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Nathan Goldman (managing editor): For years I’ve maintained that Ben Lerner’s best work is not one of the autofictional novels for which he is most famous, but rather his enigmatic 2006 poetry collection Angle of Yaw. So I was especially eager to read The Lights, the new volume of poems he released last fall. The book is preoccupied with some of the questions about language, politics, and their interrelation that emerged from his 2019 novel The Topeka School. In that book’s final scene, which unfolds at a protest outside an ICE office, the narrator reflects on the “people’s mic”: “It embarrassed me, it always had, but I forced myself to participate, to be part of a tiny public speaking, a public learning how to speak again.” In The Lights, Lerner delves further into the co-constitution of speech and community, frequently by meditating on music. In “The Stone,” he writes: “Imagine a song, she said, that gives voice to people’s anger . . . The anger precedes the song, she continued, but the song precedes the people, the people are back-formed from their singing . . . The voice must be sung into existence, so song precedes speech, clears the ground for it.” Lerner explores the same themes in the context of Jewish continuity in “The Chorus,” in which the speaker remembers his anxiety over introducing the Hanukkah song at his elementary school winter concert: “it’s horrible to separate from a chorus . . . and then return to the group and sing . . . There is always a gap between songs, traditions, and a child must bridge it (or there will be violence) and that’s what the songs themselves tell us if we listen.”

Lerner’s poems once eschewed autobiography, and when the lyric “I” appeared, it tended to obscure rather than ground or clarify, offering a subject whose identity could not be precisely mapped. (One untitled poem in his 2004 collection The Lichtenberg Figures opens, “I had meant to apologize in advance. / I had meant to jettison all dogmatism in theory and all sclerosis in organization. / I had meant to place my hand in a position to receive the sun.”) But the poetry in The Lights, perhaps informed by Lerner’s turn to the self in his fiction, is full of apparent references to his own life, sometimes related with disarming lucidity. These moments occasionally break the spell of language, as in “The Media,” when he writes, “I’m just clicking on things in bed, a review by a man named Baskin who says I have no feelings and hate art.” More often, though—like in the gorgeous, UFO-haunted title poem—the personal illuminates the high-concept abstraction it sits alongside, the interplay somehow exceeding solipsism: “I hold the back of his head and see / unexplained lights over him / that love makes, even if what I want in part / is to be destroyed, all of us / at once, and so the end of desire is caught in it.” Ultimately, just as Lerner’s fiction bears the mark of his poetry, his poetry now seems enriched by his experimentation with prose; in each form, he continues to approach new modes of togetherness in language, where “we are alone / and we are not alone with being.”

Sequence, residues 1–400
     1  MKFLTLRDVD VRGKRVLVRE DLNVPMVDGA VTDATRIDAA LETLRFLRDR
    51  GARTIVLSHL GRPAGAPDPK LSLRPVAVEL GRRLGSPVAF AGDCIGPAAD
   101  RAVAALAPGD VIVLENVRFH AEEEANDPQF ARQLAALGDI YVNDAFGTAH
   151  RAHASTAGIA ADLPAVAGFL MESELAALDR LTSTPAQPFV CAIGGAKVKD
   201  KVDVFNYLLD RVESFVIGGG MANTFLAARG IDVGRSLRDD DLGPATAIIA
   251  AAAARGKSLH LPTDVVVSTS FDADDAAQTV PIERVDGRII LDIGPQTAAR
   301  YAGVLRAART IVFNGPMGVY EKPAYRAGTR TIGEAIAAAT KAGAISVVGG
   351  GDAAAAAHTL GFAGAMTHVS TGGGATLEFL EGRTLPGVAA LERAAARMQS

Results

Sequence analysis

Jonathan Shamir (JC fellow): Susan Sontag’s only documentary, Promised Lands (1974), was banned by Israeli authorities on the grounds that it was “damaging [to] the country’s morale.” Sontag’s transgression: She offers a bleak snapshot of a shell-shocked Israeli society in the wake of its vertiginous fall from perceived invincibility following victory in the 1967 war into the disillusionment of defeat in the 1973 war.

Promised Lands avoids spectacular imagery and cogent narrative, offering instead a series of discrepant vignettes of Israel at a crossroads—from close-ups of charred corpses to oscillating worshippers at the Western Wall—and an eerie soundscape comprised of Jewish liturgy and bombshells. Here, the war is etched more on the land and in the faces of its inhabitants than codified in any sort of story. The only explicitly political visions are provided by two interviewees—who represent liberal and revisionist Zionist thinking—yet they are left nameless and their dialectic without any synthesis.